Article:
By SeafoodSource staff
Published on 02 May, 2011
The Aquaculture Stewardship Council (ASC) on Tuesday marked the end of the organization’s development phase and the beginning of its operational phase.
During a brief ceremony at the European Seafood Exposition, the first four sets of farmed-seafood standards developed by the World Wildlife Fund-organized Aquaculture Dialogues — tilapia, pangasius, abalone and bivalves — were officially handed over to the ASC. Jose Villalon, managing director of the World Wildlife Fund’s aquaculture program, was there to ceremoniously hand over the standards to Bas Geerts, the ASC’s new director of standards.
The organization also announced the timeline for certifying against the standards as well as the timeline for launching the ASC eco-label. Supervising board member Peter Hajipiers said the tilapia standards should be live by August and the rest by then end of 2011. He also said that chain-of-custody standards will be outsourced to the Marine Stewardship Council to avoid duplication and that training of certification bodies will be handled by GlobalGAP.
“Aquaculture is now rapidly surpassing wild capture food production, and that’s an important milestone,” said Hajipiers. “[The Aquaculture Dialogues] were the most thorough and intensive painstaking standards process ever in fish farming.”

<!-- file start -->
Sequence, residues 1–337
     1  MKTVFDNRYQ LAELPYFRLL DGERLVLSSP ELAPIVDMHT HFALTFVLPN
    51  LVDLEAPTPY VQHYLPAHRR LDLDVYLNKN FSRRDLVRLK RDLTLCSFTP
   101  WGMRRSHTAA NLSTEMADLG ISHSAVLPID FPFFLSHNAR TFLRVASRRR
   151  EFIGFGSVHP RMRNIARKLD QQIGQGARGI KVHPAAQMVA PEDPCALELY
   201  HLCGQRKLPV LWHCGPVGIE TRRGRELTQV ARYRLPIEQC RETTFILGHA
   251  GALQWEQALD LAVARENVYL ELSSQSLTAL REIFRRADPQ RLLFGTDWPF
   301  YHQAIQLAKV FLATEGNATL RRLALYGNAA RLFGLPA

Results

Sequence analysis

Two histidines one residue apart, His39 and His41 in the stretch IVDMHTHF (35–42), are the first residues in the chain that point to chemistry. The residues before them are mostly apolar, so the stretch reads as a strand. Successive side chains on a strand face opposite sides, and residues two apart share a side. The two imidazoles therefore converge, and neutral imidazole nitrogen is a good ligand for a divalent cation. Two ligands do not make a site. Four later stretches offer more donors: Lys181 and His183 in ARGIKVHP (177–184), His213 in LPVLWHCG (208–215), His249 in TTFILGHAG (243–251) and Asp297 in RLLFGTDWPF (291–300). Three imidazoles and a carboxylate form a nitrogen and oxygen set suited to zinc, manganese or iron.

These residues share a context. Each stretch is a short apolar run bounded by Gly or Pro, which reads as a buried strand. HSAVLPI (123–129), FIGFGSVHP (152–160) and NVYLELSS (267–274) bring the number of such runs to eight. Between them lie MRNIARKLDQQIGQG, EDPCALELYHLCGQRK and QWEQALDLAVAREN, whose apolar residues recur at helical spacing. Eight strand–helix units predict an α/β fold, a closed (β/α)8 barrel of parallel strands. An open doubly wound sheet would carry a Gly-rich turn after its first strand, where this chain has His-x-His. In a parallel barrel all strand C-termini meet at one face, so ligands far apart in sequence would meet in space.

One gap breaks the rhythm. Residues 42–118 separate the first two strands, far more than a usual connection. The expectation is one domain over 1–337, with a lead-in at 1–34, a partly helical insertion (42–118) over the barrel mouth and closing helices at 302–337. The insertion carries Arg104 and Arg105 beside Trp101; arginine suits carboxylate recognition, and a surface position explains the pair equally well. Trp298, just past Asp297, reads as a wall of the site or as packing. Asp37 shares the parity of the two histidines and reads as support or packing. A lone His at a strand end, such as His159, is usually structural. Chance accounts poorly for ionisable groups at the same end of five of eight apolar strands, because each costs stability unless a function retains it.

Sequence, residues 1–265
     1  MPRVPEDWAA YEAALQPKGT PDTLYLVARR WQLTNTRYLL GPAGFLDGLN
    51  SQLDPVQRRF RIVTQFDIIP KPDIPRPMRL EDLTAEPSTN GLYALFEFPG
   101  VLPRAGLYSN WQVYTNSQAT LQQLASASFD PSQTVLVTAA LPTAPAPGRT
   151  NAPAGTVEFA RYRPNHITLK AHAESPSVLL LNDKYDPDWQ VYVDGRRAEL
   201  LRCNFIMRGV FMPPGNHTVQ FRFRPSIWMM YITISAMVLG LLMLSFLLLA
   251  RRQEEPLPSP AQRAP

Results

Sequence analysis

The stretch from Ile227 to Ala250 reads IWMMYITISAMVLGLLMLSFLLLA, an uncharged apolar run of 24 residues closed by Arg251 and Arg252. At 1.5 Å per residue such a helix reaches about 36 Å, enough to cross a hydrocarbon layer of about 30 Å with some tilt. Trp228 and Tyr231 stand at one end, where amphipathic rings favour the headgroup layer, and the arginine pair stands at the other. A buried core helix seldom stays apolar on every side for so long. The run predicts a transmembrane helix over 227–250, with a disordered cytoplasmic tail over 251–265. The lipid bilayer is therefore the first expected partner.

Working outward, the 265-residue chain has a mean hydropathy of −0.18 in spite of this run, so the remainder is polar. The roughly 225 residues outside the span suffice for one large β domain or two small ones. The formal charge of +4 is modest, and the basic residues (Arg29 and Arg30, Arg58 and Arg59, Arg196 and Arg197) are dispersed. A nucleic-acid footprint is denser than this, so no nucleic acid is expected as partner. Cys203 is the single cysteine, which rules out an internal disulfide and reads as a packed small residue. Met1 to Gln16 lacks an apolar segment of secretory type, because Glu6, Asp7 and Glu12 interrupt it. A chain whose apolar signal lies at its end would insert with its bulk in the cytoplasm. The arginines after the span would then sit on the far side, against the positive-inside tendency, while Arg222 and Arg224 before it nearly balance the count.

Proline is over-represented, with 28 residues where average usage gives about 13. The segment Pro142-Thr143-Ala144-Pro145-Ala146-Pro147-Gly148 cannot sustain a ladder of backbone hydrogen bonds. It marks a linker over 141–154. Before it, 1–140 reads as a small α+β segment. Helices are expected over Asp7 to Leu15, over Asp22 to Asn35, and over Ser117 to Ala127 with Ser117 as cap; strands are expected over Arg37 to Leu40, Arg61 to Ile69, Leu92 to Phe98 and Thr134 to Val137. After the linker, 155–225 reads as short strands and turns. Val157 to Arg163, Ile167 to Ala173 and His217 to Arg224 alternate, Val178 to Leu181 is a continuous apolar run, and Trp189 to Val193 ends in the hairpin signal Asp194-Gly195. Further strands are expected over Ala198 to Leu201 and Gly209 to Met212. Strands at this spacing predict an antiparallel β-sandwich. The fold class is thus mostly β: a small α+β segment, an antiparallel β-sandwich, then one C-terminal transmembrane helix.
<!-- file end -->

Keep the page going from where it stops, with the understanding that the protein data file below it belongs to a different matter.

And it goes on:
Just last week, the ASC hired Geerts of UTZ Certified to serve as the organization’s director of standards. Previously, Geerts, who assumed the role on Sunday, served as manager of traceability services and the new business developer at UTZ Certified, which is based in the Netherlands. He has also served as the new business developer at the Netherlands office of the World Wildlife Fund.
“We feel that the Aquaculture Stewardship Council is absolutely the most credible certification system out there,” said Aldin Hilsbrands of Royal Ahold, who participated in the development of the standards at the retail level. “It has involved many, many different stakeholders over a long period of time, and it’s got to a point where the market really needs to pick up the certification and embrace it. We need to collectively work together to make this a success.”